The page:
U.S. variable annuity (VA) and fixed-index annuity (FIA) sales are expected to decline by at least 10% through 2018 as the industry struggles to adapt to upcoming fiduciary reform regulations put forth by the Department of Labor (DOL), according to data shared by Cerulli Associates.
There can be little doubt that annuity providers, many of them at least, would like to see the significant reforms halted or dialed back under the pending Trump administration. They argue they will never be able to make the new fiduciary standard’s “best-interest contract exemption” or “BIC” provisions workable, given the commission-based distribution arrangements traditionally used for fixed-index annuities.
Annuity providers would much prefer to be allowed to use the distinct “84-24 exemption” to continue to use commission-based sales structures—which had been initially proposed by the DOL but subsequently reversed in the final version of the rulemaking published last year and slated to start taking effect in April 2017. Utilizing this exemption would still likely require some changes that are in the best interest of the end investors purchasing annuity products, but many insurers believe 84-24 is an easier compliance hurdle to jump over.
Polling conducted in this evolving environment by Cerulli Associates suggests that insurers feel the biggest challenge they are facing for the foreseeable future is the DOL rule—even as concerns about lasting low rates and stagnant global economic growth add additional headwinds.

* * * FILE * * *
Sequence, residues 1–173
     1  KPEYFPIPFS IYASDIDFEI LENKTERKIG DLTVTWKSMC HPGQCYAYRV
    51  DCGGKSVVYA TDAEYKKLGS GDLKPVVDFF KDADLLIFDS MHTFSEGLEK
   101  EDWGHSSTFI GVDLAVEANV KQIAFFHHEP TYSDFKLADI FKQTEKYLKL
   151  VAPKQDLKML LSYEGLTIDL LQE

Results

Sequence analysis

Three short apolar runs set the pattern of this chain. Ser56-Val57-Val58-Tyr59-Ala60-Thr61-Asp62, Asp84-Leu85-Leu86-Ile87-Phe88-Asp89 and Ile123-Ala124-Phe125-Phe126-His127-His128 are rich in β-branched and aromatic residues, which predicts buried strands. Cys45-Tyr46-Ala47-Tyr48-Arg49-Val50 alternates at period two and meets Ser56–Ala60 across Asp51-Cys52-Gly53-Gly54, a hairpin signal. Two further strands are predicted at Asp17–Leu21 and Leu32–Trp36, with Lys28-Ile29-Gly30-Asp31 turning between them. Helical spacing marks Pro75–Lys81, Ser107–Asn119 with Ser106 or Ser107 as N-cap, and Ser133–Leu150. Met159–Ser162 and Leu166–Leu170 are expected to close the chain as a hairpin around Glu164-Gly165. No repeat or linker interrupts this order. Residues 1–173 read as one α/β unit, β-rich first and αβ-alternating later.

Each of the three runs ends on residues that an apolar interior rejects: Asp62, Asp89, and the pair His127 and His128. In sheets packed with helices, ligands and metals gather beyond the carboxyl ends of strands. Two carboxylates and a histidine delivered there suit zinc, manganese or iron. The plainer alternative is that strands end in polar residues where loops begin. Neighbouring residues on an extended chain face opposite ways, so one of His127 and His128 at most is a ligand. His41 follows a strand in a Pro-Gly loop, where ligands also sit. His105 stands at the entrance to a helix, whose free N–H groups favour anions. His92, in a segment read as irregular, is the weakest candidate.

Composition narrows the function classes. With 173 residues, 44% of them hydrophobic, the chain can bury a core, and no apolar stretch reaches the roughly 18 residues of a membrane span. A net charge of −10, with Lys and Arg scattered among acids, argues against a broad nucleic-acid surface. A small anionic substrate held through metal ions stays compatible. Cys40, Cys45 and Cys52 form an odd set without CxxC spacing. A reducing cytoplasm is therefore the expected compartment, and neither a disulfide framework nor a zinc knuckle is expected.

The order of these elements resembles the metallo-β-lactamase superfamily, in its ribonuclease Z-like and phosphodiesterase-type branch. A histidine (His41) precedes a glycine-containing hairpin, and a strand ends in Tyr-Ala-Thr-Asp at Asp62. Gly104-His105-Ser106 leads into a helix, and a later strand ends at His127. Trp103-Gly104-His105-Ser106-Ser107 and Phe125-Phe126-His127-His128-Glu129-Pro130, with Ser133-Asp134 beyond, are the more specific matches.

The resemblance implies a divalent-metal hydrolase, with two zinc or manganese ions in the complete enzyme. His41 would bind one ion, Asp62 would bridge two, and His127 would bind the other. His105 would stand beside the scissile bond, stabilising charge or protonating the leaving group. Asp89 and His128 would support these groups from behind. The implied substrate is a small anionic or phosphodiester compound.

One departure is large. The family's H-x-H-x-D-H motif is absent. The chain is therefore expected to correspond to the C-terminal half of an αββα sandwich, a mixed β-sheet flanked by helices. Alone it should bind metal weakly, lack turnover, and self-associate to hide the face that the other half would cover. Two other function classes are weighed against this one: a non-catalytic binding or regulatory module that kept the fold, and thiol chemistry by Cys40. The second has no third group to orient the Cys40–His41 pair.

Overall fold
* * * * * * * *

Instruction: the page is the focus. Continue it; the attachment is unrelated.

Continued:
“Insurers’ responses to new the regulatory landscape will significantly impact the future of VA and FIA sales,” argues Donnie Ethier, associate director at Cerulli. “In order to ensure future relevance, insurers must examine both the pricing and positioning of their products.”
NEXT: Growth in either direction
Cerulli predicts investor interest in all sorts of fee-based products will grow as the DOL rule is implemented—and even if it is not.
“This interest has been slowly growing within the industry over the past few years, as most insurers and distributors think they will be needed to comply with the DOL rule,” says Ethier. “Adoption of the fee-based model has been mostly overlooked by the industry … However, what was once considered an opportunity is now a necessity.”
The Cerulli research shows nearly half of insurers surveyed said that sales through fee-based platforms would be positively impacted as a result of the rule.
“They could also be a source of future innovation, given that few versions currently offer guarantee lifetime benefits,” Ethier says. “This may be an opportunity for developing new benefit ideas for this contract class. Insurers will need to focus on coming up with new ideas to provide the guarantees that investors want while minimizing risk to the company.”
If insurers can develop creative products that focus on how advisers do business, they can aid their cause in the years ahead, Ethier concludes. "It's also important that insurers remain sensitive to cost and compliance considerations and that most broker/dealers want to control the messaging regarding the Conflict of Interest Rule to their adviser networks."
Information on how to obtain Cerulli's latest annual report, U.S. Annuities and Insurance 2016: Adapting to the Fiduciary Reality, is available at www.Cerulli.com.